Cubism as an art style is known thanks to Georges Braque and Pablo Picasso and his painting The Young Ladies of Avignon (originally titled The Brothel of Avignon). However, the world knows cubism in architecture thanks to the Czechs – in no other country are there as many buildings of cubist architecture as in our country.
The era of Cubism in Czech, but especially in Prague, architecture did not last long. Actually just a few years until the start of World War I and a few years after that. In its time, Cubism surprised some people a lot.
To illustrate this, just look at the photo of the art nouveau Municipal House and the cubist House of the Black Madonna – and realize that both of these buildings were approved in the same year, i.e. 1912.
And although cubism did not last long, there are quite a few notable cubist buildings in Prague. Whether they are large, such as the already mentioned House of the Black Madonna or the houses under Vyšehrad. Or a relatively small one – the only cubist lamp in the world, which stands not far from Wenceslas Square.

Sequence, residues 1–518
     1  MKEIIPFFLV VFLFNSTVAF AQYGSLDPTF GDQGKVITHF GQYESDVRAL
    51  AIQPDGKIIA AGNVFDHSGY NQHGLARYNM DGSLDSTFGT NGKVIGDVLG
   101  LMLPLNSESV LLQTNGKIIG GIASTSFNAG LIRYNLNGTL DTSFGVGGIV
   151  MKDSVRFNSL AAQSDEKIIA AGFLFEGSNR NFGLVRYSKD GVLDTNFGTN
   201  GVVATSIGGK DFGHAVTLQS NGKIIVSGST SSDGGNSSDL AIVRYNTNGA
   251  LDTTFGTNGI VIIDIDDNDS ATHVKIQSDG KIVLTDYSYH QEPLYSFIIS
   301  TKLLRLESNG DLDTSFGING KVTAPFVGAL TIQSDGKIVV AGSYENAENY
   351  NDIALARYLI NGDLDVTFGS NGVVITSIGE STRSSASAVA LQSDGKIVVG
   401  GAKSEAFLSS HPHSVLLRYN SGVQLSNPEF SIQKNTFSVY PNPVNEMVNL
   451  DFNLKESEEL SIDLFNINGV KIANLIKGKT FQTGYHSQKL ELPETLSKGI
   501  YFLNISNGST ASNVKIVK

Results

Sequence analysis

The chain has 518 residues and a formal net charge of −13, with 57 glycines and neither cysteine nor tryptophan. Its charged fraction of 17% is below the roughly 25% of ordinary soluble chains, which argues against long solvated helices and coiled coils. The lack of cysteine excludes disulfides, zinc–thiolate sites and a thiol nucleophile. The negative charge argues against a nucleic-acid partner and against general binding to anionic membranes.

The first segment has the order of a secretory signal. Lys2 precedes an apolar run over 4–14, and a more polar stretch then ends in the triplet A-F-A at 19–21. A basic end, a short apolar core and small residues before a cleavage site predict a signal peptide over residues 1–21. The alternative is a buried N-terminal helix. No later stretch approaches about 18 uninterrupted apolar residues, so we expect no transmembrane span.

A special building is a Cubist kiosk near the Main Station. The kiosk was built in the 1920s, in the style of rondocubism. There were more such kiosks in Prague, but this one is the only one that was preserved. In 1980, it threatened to be demolished, then, on the contrary, it was declared a cultural monument.
It was renovated and housed a newsstand for a long time.
Unfortunately, today it is closed and its future is uncertain.